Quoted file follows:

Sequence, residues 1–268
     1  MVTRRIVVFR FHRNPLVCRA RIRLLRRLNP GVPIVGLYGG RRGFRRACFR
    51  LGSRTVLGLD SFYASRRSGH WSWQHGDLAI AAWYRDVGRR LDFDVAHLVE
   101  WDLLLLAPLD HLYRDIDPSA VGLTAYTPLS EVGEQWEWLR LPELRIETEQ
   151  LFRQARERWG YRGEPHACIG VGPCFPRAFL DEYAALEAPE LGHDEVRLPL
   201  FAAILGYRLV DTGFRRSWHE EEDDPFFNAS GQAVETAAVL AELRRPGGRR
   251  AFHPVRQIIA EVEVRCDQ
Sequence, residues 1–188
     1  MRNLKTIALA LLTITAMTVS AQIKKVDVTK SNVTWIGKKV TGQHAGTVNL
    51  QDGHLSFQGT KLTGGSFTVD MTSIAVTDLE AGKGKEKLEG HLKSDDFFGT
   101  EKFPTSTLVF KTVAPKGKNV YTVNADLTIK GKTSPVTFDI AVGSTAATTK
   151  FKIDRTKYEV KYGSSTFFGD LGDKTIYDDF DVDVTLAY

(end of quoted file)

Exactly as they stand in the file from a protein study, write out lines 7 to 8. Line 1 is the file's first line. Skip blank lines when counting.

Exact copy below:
   251  AFHPVRQIIA EVEVRCDQ
Sequence, residues 1–188